Today was our 100th family walk in the Lake District. And it was an epic! Hay Stacks stands 597 metres (1958 feet) in height. But starting at Honister gives you an advantage as that is 332 metres (1089 feet). This also makes it a Wainwright fell, to tick off the list! It is 2.2 miles there. We did an out and back so 4.4 miles in total.
This beautiful 3.5 mile circular walk around Little Langdale takes in two amazing caves, Hodge Close and Cathedral Quarry. It’s the perfect walk for a family adventure. Don’t forget your torches!
This 3 mile family walk takes in Ashness Bridge, Surprise View and Lodore Falls. With an optional visit to the delicious Mary Mount hotel and pub, on the shores of Derwentwater.
Wansfell Pike is a Wainwright fell, offering stunning panoramic views. It stands at 482 metres (1581 feet), just outside of Ambleside in the southern Lake District. It is a big fell for little legs, and a continuous steep climb. This route is an out and back, totalling 3 miles. We’d recommend this walk for older, more capable children walkers or those with young babies that are being carried.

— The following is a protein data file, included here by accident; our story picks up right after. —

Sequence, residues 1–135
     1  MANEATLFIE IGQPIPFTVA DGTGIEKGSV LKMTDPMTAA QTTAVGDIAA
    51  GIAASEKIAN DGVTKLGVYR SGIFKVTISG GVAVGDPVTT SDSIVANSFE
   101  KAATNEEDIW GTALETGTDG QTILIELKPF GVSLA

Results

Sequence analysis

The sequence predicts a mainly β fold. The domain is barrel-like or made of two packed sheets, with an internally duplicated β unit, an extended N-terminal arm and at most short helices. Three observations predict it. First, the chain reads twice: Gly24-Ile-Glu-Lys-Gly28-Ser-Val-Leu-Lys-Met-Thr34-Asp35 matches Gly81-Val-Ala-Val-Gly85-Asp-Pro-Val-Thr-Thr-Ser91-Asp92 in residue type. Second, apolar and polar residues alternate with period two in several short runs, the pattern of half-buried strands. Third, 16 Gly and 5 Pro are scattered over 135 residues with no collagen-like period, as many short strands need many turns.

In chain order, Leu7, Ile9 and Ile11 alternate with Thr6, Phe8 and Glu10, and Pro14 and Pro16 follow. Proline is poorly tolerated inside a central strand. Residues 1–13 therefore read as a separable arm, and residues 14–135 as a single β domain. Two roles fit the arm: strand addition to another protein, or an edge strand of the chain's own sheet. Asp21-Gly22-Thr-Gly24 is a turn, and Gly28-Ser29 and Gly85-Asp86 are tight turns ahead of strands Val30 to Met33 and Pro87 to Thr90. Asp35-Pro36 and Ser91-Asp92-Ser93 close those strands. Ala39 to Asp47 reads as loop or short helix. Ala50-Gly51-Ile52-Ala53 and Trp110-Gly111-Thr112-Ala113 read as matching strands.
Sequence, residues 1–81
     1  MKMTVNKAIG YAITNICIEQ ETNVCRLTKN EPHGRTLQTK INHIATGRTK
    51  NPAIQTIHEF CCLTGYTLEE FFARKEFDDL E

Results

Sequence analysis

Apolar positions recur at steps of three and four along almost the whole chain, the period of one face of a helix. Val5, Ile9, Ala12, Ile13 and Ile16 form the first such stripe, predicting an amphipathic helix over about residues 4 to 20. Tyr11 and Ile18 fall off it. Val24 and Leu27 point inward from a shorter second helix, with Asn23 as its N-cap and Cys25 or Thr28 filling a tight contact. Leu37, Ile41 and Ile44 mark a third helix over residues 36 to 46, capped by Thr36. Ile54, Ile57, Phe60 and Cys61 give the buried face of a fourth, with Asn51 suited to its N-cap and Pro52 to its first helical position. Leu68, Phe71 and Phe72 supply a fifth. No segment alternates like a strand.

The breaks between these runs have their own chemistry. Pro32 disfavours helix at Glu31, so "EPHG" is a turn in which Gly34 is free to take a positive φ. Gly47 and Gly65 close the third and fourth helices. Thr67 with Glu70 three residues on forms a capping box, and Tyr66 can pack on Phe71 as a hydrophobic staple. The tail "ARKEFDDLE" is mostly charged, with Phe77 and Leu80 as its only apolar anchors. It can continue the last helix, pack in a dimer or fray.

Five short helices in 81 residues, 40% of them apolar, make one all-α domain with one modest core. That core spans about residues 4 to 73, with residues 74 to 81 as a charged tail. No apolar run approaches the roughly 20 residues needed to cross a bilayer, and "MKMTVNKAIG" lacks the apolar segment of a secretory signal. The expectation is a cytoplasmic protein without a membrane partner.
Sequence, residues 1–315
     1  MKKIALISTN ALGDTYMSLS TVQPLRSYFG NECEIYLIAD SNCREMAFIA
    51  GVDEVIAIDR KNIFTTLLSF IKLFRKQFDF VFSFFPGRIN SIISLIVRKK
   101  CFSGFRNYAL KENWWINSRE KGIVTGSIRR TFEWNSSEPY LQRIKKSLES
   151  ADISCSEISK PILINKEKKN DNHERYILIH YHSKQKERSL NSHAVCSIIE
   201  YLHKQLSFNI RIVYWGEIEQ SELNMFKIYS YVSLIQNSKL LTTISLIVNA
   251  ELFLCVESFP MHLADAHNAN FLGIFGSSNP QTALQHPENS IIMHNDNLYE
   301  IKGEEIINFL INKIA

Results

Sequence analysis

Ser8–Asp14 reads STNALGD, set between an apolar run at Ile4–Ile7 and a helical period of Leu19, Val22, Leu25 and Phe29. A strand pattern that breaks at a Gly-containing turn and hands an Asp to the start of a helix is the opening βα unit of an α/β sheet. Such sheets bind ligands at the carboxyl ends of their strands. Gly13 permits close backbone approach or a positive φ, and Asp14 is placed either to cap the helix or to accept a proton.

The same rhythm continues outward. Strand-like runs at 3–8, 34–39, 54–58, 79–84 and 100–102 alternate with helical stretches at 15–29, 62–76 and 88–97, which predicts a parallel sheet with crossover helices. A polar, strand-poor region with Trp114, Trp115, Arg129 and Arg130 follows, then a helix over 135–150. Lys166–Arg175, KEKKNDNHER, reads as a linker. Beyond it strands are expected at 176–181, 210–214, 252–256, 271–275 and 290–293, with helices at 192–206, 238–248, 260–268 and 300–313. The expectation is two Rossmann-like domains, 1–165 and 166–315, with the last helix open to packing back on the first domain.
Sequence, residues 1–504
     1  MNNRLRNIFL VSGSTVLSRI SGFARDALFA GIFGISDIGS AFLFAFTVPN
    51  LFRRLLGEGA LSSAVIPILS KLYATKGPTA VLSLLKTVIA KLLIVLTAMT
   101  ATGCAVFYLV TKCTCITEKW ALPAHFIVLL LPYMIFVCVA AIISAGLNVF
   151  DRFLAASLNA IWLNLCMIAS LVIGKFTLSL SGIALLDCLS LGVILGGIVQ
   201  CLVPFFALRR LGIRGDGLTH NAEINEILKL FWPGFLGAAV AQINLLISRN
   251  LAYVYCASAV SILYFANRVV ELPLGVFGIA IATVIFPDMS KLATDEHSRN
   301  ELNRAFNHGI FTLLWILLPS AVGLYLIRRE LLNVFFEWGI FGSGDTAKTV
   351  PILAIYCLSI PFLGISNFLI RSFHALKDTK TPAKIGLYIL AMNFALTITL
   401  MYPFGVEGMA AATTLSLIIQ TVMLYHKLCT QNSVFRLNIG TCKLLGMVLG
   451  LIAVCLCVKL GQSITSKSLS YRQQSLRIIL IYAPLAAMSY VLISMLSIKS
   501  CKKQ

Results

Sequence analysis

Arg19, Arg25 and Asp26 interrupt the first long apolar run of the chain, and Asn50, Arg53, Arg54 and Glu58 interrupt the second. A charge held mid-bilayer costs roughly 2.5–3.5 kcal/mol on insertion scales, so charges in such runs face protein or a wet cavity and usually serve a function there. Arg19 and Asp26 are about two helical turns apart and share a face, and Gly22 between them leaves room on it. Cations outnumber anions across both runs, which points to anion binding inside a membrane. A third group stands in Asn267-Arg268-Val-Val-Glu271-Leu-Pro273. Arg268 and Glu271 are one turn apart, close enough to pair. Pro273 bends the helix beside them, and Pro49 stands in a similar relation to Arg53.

Cautley Spout, England’s highest cascade waterfall, in the Howgills, is a fantastic, easy family walk. You can do the easy 2 mile flat (ish) out and back, or the harder 3 mile route up to the top of the falls themselves. Re-fuel at the quaint Cross Keys Temperance Inn at the bottom.
Fisherplace Gill waterfalls, above Thirlmere are absolutely beautiful. And make for a perfect family walk starting from The King’s Head Hotel. The walk is less than 1.5 miles in total, out and back. The terrain is a bit rocky, and can be slippy when wet, but is lots of fun for the kids to scramble on! And as this is such a short walk, it’s perfect for little legs.
The Queen’s Head is a former 17th century coaching inn, overlooking the Troutbeck valley, on the Windermere side of the Kirkstone Pass. The building is beautiful, and has maintained all of its character and history. The food is absolutely delicious. A blend of home cooked classic pub food, but with a Cumbrian flair.